Through 4 Years of Age
Snow, Burns, and Griffin (1998, p. 61) list the following developmental
accomplishments in literacy for 3- and 4-year-olds. This list includes
a wide range of behaviors and underscores the fact that literacy acquisition
exists along a continuum. All children may not have the same accomplishments
at the same time.
Developmental Accomplishments of Literacy Acquisition
Three- to Four-Year-Old Accomplishments
- Knows that alphabet letters are a special category of visual graphics
that can be individually named.
- Recognizes local environmental print.
- Knows that it is the print that is read in stories.
- Understands that different text forms are used for different functions
of print (e.g., list for groceries).
- Pays attention to separable and repeating sounds in language (e.g.,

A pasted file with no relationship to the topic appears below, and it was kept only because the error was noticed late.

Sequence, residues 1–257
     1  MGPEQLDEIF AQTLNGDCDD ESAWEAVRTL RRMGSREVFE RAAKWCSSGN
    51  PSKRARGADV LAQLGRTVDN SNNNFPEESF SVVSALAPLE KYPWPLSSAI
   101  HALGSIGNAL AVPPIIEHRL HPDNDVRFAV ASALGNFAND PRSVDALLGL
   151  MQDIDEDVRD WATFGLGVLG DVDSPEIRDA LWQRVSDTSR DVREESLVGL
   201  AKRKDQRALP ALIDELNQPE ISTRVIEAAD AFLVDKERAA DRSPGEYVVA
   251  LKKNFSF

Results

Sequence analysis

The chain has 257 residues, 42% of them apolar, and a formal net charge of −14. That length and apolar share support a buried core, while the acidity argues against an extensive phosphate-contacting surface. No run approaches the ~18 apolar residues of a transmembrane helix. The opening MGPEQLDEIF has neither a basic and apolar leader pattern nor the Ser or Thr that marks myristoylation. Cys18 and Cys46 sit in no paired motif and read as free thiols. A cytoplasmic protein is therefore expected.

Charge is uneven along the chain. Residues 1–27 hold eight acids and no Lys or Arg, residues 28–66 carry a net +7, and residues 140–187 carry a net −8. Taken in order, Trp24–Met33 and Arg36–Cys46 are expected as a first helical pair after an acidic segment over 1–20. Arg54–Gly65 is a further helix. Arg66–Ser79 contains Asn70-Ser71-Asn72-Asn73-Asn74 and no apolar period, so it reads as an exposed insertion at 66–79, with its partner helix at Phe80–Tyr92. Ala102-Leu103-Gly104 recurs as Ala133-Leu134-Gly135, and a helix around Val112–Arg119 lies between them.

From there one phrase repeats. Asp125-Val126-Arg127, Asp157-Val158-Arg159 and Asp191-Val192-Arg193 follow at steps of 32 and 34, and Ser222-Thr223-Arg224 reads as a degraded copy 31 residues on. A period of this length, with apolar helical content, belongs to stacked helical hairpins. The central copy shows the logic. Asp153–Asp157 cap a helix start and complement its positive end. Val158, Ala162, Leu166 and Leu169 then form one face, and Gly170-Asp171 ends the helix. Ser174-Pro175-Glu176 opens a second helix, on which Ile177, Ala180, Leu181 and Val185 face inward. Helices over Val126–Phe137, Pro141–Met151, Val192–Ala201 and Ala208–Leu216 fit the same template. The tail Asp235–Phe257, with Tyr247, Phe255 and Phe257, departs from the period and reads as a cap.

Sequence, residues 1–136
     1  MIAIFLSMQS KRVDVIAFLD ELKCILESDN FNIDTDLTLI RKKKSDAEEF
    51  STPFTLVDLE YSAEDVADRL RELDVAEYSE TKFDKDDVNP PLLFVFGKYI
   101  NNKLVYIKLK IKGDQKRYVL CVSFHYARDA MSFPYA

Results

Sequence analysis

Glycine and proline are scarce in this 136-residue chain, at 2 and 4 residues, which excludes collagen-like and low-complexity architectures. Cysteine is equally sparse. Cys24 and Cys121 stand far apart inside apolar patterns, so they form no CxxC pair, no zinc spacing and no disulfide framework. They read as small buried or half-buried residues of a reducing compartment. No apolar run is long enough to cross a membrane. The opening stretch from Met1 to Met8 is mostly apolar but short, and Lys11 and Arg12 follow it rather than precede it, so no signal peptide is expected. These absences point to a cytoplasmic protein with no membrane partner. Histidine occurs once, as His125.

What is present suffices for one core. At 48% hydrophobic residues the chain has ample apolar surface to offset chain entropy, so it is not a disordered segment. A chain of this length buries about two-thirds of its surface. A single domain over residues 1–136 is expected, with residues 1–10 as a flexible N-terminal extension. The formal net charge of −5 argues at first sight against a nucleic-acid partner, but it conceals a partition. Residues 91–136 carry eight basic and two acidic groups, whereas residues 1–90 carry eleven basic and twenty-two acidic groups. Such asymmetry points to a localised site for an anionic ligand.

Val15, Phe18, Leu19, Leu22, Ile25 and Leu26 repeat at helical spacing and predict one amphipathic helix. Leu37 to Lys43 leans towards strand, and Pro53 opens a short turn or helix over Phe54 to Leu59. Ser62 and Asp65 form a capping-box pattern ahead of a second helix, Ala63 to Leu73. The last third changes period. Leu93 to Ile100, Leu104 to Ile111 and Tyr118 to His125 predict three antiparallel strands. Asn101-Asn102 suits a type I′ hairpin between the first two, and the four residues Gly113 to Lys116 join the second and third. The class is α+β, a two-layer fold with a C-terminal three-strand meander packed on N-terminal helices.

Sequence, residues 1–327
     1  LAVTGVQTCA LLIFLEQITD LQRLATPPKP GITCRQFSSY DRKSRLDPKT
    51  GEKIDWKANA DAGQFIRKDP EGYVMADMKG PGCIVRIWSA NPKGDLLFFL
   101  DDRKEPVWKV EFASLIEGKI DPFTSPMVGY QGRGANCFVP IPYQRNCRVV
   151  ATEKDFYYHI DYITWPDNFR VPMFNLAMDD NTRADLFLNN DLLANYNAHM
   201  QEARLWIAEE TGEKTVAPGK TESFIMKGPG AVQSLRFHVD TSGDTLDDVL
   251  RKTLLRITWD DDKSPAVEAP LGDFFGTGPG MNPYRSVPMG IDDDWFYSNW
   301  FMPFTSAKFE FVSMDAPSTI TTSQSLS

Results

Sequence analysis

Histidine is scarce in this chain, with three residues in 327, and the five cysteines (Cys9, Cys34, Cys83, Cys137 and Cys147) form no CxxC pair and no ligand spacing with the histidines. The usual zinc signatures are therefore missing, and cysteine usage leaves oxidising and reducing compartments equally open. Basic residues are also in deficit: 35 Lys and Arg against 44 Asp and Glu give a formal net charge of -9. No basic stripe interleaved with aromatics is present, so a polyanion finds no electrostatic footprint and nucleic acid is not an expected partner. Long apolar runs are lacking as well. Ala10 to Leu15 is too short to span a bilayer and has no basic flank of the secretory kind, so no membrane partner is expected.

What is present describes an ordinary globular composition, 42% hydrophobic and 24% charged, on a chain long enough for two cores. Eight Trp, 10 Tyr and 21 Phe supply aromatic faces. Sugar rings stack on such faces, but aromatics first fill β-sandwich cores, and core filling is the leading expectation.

Peter, Peter, Pumpkin Eater, Peter Eater).
- Uses new vocabulary and grammatical constructions in own speech.
- Understands and follows oral directions.
- Is sensitive to some sequences of events in stories.
- Shows an interest in books and reading.
- When being read a story, connects information and events to life experiences.
- Questions and comments demonstrate understanding of literal meaning
of story being told.
- Displays reading and writing attempts, calling attention to self: "Look
at my story."
- Can identify 10 alphabet letters, especially those from own name.
- "Writes" (scribbles) message as part of playful activity.
- May begin to attend to beginning or rhyming sound in salient words.
Note: From Preventing Reading Difficulties in Young Children (p.
61), by C.E. Snow, M.S. Burns, and P. Griffin (Eds.), 1998, Washington, DC:
National Academy Press. Copyright 1998 by National Academy of Sciences. Reprinted
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